Vikings were known as the raiders and warriors who used to travel in long ships called ‘Viking ships’. They raided across Europe and Central Asia including Britain, France, Greenland, Turkey, Russia and Ireland.
Their raids initially began on isolated islands which were home to undefended but exceptionally rich monasteries. Over time, Viking raids turned into full-scale attacks, then invasions and ultimately permanent settlements in many of these lands.
The Viking Age lasted from 780s to 1066 A.D. Following are some aspects of this period.
Viking Raids on England
The Vikings first attacked Britain in 793 AD and the last Viking invasion of England was in 1066. They initially assaulted monasteries along the English coasts. These monasteries were known for their riches in gold, silver and jewelry, many of them religious objects.
Vikings attacked the monasteries, plundered the wealth and killed or enslaved the monks. In time, Viking raids on England became more elaborate. They began to range inland and attack towns and villages close to the sea. They used the element of surprise and the refuge of their speedy longships to pull off these attacks with very few losses on their part.
Viking Raids on Continental Europe
Vikings were skilled as sailors, warriors, craftsman and navigators. The Viking ships were capable of sailing in oceans very swiftly and also in shallow water like streams and rivers. Using their knowledge and skills, the raided the coasts of mainland Europe.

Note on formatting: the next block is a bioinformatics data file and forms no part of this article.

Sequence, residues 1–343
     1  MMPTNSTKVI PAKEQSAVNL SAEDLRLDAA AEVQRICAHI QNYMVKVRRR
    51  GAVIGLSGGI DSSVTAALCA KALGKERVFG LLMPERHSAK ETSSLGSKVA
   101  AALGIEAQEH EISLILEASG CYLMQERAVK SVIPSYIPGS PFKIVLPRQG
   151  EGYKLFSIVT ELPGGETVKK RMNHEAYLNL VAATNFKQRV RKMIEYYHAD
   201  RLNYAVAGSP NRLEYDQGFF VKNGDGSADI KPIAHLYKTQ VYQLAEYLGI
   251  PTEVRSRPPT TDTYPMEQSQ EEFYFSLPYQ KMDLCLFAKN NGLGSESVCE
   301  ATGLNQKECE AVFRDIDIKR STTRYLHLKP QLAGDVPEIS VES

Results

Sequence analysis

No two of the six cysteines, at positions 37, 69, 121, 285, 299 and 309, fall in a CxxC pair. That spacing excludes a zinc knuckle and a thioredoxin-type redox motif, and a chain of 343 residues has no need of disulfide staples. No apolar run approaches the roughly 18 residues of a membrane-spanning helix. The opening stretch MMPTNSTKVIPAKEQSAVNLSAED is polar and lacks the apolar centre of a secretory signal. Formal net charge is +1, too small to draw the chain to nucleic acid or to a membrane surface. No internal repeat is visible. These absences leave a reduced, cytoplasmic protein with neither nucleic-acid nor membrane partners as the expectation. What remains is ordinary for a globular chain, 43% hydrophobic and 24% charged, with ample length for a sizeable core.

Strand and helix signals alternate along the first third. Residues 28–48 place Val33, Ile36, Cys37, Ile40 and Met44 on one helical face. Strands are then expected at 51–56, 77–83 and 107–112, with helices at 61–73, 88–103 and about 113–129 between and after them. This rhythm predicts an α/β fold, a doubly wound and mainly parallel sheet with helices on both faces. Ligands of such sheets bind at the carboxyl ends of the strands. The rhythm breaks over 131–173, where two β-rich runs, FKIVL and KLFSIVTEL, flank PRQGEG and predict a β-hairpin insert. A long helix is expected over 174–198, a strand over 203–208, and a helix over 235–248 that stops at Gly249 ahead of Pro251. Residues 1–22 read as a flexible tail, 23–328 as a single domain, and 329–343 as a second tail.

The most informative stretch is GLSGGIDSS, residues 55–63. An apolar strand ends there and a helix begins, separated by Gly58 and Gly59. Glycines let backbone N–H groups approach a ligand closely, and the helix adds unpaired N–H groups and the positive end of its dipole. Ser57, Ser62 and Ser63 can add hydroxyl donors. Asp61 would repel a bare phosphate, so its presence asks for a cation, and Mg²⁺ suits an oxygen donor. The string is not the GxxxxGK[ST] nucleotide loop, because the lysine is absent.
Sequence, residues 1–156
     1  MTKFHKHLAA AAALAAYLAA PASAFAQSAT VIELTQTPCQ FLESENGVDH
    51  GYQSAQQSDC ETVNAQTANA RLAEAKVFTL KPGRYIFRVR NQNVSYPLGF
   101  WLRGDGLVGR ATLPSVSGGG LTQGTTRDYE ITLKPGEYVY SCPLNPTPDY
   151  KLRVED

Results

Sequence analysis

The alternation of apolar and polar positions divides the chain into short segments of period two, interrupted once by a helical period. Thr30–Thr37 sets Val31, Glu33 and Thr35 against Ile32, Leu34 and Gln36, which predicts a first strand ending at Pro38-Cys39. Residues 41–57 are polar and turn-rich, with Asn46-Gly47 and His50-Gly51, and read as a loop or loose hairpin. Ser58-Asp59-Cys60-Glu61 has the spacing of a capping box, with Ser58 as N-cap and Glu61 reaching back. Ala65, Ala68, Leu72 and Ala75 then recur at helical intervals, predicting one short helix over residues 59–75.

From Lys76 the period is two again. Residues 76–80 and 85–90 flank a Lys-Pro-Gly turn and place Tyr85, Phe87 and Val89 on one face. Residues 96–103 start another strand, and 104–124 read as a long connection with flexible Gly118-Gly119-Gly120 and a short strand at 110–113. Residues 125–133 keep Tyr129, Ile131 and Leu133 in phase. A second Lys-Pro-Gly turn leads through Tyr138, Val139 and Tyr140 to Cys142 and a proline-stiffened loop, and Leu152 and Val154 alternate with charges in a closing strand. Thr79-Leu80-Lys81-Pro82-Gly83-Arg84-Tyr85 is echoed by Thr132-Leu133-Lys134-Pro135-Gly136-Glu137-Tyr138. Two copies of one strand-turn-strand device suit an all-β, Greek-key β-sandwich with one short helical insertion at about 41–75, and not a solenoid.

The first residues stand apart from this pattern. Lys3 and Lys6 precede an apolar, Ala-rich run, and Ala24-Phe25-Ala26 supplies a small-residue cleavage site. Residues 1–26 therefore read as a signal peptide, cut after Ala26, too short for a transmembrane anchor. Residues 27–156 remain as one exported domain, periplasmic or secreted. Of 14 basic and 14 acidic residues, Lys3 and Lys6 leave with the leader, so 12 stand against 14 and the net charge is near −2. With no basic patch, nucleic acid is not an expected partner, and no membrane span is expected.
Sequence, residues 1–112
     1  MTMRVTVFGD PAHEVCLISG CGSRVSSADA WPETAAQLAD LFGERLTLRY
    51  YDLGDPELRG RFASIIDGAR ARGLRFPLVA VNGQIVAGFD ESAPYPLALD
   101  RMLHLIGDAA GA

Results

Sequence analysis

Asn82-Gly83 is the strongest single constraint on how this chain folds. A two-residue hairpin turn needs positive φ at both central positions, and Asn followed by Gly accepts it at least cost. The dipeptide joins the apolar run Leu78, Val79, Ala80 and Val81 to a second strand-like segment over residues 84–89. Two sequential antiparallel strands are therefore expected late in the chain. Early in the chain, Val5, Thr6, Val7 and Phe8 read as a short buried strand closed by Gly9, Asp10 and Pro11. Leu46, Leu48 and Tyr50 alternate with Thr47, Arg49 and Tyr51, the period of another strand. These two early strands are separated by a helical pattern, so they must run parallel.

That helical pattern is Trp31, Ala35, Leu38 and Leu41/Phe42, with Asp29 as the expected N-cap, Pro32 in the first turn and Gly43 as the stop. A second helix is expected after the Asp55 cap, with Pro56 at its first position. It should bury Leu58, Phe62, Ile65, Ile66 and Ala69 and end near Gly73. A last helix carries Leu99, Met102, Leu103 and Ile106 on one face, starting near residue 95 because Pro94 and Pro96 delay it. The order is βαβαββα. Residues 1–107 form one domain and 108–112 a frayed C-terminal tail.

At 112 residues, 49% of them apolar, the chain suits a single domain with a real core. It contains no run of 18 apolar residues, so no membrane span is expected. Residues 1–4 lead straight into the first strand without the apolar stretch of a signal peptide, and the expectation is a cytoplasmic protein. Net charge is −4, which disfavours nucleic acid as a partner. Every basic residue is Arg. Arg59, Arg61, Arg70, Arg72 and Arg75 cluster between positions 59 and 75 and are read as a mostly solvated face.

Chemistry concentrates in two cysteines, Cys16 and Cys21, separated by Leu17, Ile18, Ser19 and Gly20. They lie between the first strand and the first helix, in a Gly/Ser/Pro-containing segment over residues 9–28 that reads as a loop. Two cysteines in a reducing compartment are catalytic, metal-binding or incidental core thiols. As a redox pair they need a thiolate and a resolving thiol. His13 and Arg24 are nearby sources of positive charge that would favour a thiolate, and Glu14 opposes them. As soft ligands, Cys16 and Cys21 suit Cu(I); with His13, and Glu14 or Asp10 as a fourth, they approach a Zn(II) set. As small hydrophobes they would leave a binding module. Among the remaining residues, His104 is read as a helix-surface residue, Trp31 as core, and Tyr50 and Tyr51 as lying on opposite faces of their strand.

Throughout the 9th century, northern France was particularly ravaged by the Vikings. In 911, the French King Charles allowed the Vikings to settle in northern France for trade. Their leader was a famous Viking Rollo.
In return for their homage and submission, Charles granted Rollo the Duchy of Normandy. In time, Normandy would become a Viking stronghold and Vikings would convert to Christianity.
Causes of Viking Raids
Most of the historians believed that the Viking started raiding because of the Christian provocation and threats given against their culture and religion. As they were also traders and moved their goods through boats and ships, they wanted to secure their trade routes.
Another reason was the pressure of increasing population in Scandinavian homelands where resources were scarce. So, Vikings started attacking other kingdoms for land, wealth, slaves and other resources.
Raiding also came to be seen as part of the Viking warrior culture. Young men would raid other lands, plunder wealth and thus earn prestige in the Viking society.
Conquest and Settlement in Britain
Following up on their raids in Britain, Vikings began to launch more elaborate attacks. The raids turn into concerted attacks by armies and the attacks eventually turned into conquests. The conquest of England was not an easy task for the Vikings. They attacked many times and were defeated.
The disintegration of English states allowed the Vikings to proceed to the conquest of England in the 9th century.